I’d remembered to stop my Garmin and saw a time of 38:11. That’s about as close to my predicted time as I was going to get. I’ll put the extra 11 seconds down to the unexpected extended warm-up, but it was the equivalent of just 8 seconds outside my 10k PB on a net uphill course! The rain was still heavy, but it was important to cool the muscles with a warm-down jog, splashing through the deepening puddles, before getting onto the bus and into dry clothes. I was mostly happy with the run. Perhaps I could have ramped it up a bit earlier at the end, but it is what it was. My bit was done. Now all I could do was to track the team’s progress on the race app as we waited for the rest of the 2nd leg runners to finish before heading back to base on the bus. I ended up sitting near the runner from the team that was now leading, The Gastronauts. A quick look at the app showed he done the same leg as me in 32 minutes! A stunningly fast run, even if he was about twenty years younger than me. It was during the journey back that I heard from our team chat that one of The Gastronauts runners had pulled up due to injury, meaning his team would DNF (Did Not Finish). I felt sorry for them, but didn’t have the heart to tell him. That would put us third, but, little did I know at that time, that Rachel had passed another two relay participants during her leg, putting us first. For now. Still a long way to go, with our fourth runner, also Helen, now out on the course and making good progress. I was surprised how many people were sitting on the bus freezing in just their wet T-shirts. We have a good safety culture in our company, meaning we had thought about this beforehand. In fact, my team’s safety share the previous week had been taking care at sporting events.

I arrived back at base, met up with Helen from the first leg, put on some more warm clothes and got a sausage and egg bun and a protein shake in my stomach as we tracked our fifth leg runner, Mike, as best as we could on the app that wasn’t always accurate. We knew we were doing well, but sometimes we were second, then first, then fifth! The goody bag had a nice medal and some snacks and there was free alcohol-free beer available as well. Helen from the fourth leg arrived back next and the three of us tracked our last runner, Paul, on his leg to the finish. The app confirmed he crossed the line in a total team time of 3 hours and 03 minutes. Fantastic. Bang on to our prediction, to the minute, calculated over a coffee a couple of days before, based on our best-case times. Clearly, every one of us had excelled ourselves. Not long after that, Mike and Paul and, shortly after that, Rachel, who had the longest return journey of all, arrived back at base. After plenty of mutual congratulations, we began speculating on our actual finishing position. It wasn’t easy to track any other team on the app as you needed to know the name of the team. It didn’t provide a leader board so to speak. The organisers explained they would confirm the results later on in the week after various checks had been done, for example, having a full team of six (different) individuals and at least three women in the mixed event etc. After some of Rachel’s delicious homemade flapjack, it was time to head home. For me, that meant another 4 mile run in the incessant rain back to my friends’ house. I’d definitely logged my miles that day.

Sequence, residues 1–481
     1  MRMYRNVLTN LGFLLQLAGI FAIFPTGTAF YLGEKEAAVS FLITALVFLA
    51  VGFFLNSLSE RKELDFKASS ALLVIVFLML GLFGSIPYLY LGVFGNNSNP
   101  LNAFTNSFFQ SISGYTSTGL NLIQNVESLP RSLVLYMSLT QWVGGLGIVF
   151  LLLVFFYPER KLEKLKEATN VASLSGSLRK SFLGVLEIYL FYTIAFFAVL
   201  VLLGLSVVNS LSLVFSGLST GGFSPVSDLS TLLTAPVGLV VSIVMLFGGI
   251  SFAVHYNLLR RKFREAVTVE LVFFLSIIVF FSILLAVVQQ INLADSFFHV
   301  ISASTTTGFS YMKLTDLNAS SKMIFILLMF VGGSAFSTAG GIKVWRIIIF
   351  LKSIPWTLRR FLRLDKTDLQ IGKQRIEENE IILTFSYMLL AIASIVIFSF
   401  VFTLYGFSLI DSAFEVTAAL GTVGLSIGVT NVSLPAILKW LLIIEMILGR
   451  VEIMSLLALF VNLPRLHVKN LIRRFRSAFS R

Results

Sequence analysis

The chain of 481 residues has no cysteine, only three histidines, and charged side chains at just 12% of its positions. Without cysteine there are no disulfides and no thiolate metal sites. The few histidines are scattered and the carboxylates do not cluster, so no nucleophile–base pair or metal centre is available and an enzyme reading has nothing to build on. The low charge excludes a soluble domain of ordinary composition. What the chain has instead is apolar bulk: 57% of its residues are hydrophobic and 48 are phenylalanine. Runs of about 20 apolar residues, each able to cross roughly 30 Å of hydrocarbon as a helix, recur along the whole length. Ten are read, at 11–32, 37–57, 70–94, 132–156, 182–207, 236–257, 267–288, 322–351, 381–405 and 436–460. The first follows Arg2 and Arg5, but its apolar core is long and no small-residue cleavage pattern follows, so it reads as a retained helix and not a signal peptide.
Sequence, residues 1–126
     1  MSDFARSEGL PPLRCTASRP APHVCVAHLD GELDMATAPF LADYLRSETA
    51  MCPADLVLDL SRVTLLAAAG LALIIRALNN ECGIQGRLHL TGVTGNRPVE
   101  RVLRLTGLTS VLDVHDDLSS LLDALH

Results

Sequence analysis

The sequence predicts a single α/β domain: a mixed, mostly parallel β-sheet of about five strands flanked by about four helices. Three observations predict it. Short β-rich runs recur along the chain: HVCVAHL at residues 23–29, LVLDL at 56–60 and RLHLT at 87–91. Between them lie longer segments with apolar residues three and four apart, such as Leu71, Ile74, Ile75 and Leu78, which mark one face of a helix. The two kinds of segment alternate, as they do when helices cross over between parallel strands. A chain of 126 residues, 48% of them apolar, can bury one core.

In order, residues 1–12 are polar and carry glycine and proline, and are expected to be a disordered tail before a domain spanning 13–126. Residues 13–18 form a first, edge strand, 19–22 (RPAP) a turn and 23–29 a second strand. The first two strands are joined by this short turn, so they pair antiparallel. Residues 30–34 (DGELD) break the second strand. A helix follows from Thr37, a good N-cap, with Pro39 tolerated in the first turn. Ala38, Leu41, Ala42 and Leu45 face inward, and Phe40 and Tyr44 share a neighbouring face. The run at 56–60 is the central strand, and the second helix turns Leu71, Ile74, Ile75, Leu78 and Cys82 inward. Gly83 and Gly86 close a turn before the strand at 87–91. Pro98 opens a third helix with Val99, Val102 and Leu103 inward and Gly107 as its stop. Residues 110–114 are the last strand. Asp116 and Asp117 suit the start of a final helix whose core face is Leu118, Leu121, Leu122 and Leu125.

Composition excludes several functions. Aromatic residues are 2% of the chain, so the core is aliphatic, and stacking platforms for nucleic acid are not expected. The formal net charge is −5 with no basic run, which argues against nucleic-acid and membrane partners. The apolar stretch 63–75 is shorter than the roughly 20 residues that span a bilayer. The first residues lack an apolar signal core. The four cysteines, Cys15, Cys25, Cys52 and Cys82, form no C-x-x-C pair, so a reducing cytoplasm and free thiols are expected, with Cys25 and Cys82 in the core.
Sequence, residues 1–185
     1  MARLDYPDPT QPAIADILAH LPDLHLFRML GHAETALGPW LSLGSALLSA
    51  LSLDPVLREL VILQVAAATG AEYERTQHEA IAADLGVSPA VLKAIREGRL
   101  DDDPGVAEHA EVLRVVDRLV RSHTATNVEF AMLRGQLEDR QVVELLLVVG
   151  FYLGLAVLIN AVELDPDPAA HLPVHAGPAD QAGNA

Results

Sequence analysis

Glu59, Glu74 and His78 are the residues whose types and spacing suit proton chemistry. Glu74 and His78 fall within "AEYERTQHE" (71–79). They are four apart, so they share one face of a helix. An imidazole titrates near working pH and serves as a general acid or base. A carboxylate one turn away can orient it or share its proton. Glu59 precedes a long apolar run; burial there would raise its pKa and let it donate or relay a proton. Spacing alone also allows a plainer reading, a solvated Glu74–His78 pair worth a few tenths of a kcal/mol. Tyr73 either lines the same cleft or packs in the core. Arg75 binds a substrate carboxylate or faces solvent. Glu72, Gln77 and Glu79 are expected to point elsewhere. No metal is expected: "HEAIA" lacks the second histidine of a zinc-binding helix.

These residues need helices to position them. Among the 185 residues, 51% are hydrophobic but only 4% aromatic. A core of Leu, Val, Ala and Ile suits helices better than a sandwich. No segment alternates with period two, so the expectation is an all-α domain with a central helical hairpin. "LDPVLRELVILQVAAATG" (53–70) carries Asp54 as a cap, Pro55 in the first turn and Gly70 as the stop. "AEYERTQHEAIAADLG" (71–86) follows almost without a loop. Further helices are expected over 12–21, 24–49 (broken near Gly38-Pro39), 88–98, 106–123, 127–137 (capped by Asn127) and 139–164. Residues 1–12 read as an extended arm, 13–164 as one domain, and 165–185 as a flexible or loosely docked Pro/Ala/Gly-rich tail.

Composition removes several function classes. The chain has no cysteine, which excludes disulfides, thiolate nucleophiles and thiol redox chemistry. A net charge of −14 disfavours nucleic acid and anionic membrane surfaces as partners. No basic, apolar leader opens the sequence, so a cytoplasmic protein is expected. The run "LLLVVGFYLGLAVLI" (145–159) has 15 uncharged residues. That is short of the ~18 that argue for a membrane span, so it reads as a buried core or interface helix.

Fast forward a few days and the results were finally published. We had won! Not only the mixed event but the overall marathon corporate relay. And by a margin of 17 minutes in front of second place, so quite comprehensively. Prior commitments dependent, we’ll be heading down to York to receive our trophy next week and to have some promotional photos taken to be published in the local press, getting great exposure for Venator.

Relays are excellent. A real team spirit is created, even though running is a very individual sport – a genuine benefit to a business or indeed any other organisation that provides such an opportunity to its employees. The six of us have become friends rather than just colleagues through our training, preparation and competing and, when our jobs require us to work together, this can only be a good thing. There were also families and groups running for charity in the ‘corporate’ relay, both of which are great to see. It doesn’t matter too much which team wins as the vast majority competing for the enjoyment of it suggested, but, as someone who always strives to give their best at everything, it’s nice to win all the same!!